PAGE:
<![CDATA[Name Approved for Feature on Ceres: Lughnasa Tholus]]> Fri, 30 Nov 2018 00:00:00 -0700 Lughnasa Tholus for a feature on Ceres. For more information, see the Ceres map in the Gazetteer of Planetary Nomenclature. ]]> <![CDATA[Watching InSight for a Successful Landing]]> Wed, 28 Nov 2018 00:00:00 -0700 On November 26,  the InSight Lander safely landed in the Elysium Planitia region of Mars. It is amazing how NASA’s Jet Propulsion Laboratory (JPL) has made landing on Mars look so easy. It is not. Years in the making, this joint American, French, and German collaboration, has the primary mission to measure seismic activity on Mars (or “Marsquakes”). 

Landing site map

Several Astrogeology Science Center employees gathered to watch the live feed broadcast from mission control at JPL in Pasadena, California. Photo Credit: Patty Garcia/USGS.

Ecstatic cheering erupted from mission control once the touch-down was announced and the first dusty image was shown. InSight team members at Astrogeology also breathed a collective sigh of relief since they helped to create the InSight landing site maps. These maps are used to assess whether the site is safe to land on. In fact, Astrogeology employees have created 8 landing site maps for 8 seperate successful Mars robotic landings by NASA.

Landing site map

This image from Fergason, 2017, shows the Astrogeology-created CTX (20 m/pixel) and HiRISE (1 m/pixel) topographic maps, colorized by elevation (m), in support of landing site selection for InSight. The grayscale THEMIS daytime infrared controlled mosaic (100 m/pixel), also by USGS, underlays the topographic layers. Topographic-based landing site maps are generated by combining several pairs of stereo images.

Dr. Robin Fergason, a planetary scientist at Astrogeology, led these efforts for NASA. For more information about our InSight support please see this paper: Fergason, R. Kirk, R.L., Cushing, G., Galuzska, D.M., Golombek, M.P., Hare, T.M., Howington-Kraus, E., Kipp, D.M., Redding, B.L., 2017, Analysis of local slopes at the InSight landing site on Mars. Space Sci. Rev. 211, 109–133.

Article by Trent Hare


<![CDATA[Name Approved for Feature on Mars: Cagli]]> Fri, 16 Nov 2018 00:00:00 -0700 Cagli for a crater on Mars. For more information, see Mars map MC-11 in the Gazetteer of Planetary Nomenclature.]]> <![CDATA[Name Approved for Feature on Mars: Kalpin]]> Thu, 15 Nov 2018 00:00:00 -0700 Kalpin for a crater on Mars. For more information, see Mars map MC-15 in the Gazetteer of Planetary Nomenclature.]]> <![CDATA[My Journey to Geology and BEYOND]]> Fri, 09 Nov 2018 00:00:00 -0700 My journey to geology started one class at a time. In my mid-twenties, with a full-time office job, life seemed sweet, except there was a void in my education that needed filling. I began taking classes, part-time, at Coconino Community College. I enrolled in each science course available, and finally found my niche in geology by way of an oceanography research project where I correlated off-shore buoy data to seasonal beach face changes.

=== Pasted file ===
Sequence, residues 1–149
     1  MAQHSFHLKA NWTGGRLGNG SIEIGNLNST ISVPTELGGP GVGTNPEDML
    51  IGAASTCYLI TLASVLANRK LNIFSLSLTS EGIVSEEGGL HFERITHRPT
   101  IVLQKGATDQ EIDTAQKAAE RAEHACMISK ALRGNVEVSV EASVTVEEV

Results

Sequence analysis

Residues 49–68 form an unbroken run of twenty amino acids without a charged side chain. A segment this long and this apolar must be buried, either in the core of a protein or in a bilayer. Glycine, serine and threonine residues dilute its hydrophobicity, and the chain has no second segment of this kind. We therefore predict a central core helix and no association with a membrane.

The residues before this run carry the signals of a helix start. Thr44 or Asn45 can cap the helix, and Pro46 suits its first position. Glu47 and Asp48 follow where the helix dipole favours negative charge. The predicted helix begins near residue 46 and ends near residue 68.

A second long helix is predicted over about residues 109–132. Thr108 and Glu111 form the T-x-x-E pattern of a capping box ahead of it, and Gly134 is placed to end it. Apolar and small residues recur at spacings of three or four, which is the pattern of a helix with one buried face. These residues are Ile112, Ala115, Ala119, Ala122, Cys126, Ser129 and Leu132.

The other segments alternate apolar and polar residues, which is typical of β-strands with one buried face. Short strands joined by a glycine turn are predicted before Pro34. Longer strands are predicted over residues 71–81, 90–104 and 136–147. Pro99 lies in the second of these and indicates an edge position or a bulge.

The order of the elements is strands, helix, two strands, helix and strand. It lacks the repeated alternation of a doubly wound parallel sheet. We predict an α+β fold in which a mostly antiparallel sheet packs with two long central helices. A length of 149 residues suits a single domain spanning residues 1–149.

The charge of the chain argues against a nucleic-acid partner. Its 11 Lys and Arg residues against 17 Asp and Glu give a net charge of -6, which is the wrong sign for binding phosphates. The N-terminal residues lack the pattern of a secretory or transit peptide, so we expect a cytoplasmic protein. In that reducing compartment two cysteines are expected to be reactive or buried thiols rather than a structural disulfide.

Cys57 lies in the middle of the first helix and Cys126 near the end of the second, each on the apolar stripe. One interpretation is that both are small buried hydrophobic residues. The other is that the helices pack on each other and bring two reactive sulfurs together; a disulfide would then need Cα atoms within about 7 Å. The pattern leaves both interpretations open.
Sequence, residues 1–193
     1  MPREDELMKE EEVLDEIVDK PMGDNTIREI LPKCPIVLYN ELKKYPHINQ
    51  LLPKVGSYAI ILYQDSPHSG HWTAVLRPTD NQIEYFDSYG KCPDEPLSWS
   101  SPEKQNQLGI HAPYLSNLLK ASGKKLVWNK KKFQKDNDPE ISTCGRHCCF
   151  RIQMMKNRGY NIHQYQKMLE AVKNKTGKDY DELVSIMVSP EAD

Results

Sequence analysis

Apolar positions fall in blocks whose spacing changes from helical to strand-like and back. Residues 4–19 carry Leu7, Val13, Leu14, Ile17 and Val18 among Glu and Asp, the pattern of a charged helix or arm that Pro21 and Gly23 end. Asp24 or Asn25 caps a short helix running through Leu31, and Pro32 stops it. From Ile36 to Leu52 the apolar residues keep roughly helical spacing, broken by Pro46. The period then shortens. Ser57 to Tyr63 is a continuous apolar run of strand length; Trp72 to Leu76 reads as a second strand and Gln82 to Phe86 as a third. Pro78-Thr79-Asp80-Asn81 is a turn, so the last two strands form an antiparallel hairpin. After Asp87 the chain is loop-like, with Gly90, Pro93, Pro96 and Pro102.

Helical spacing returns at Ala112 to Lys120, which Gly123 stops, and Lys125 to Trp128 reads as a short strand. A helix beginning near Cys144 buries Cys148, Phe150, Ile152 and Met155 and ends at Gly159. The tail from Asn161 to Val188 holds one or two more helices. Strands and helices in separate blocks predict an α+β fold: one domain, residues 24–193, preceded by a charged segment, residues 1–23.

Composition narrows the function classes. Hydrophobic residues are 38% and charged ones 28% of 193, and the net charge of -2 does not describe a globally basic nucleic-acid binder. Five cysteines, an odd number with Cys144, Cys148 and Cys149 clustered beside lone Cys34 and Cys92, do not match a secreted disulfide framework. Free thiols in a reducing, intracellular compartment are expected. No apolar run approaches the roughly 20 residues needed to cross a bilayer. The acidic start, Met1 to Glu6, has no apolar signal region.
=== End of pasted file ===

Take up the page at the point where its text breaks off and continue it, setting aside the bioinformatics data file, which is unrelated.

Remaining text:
Annette Sunda on the Dune Du Pilat

After 6 years of taking one class at a time, while working full time as a file clerk, I had earned my first degree: An Associate of Arts in Liberal Studies, and I had a new-found passion for learning. Since it’s difficult to train in the geology discipline from behind a file clerk’s desk, I quit my job and focused on school. The decision to leave my career, my friends, and my life behind came after a discussion with management in which I was told to choose between school and work. I woke up the next morning and knew that if I wanted a better life, it was up to me to work for it: I left my career and became a full-time student.

The transition to becoming a full-time student was more challenging than I expected. Giving up a career and the stability that comes with it meant that I had to give up my comfortable life, but I found support in my classmates and friends who put a roof over my head and food in my belly. In 2017, I completed my Bachelor of Science, in Geology, at Northern Arizona University (NAU) and am now working on a Master of Science in Computer Science at Regis University.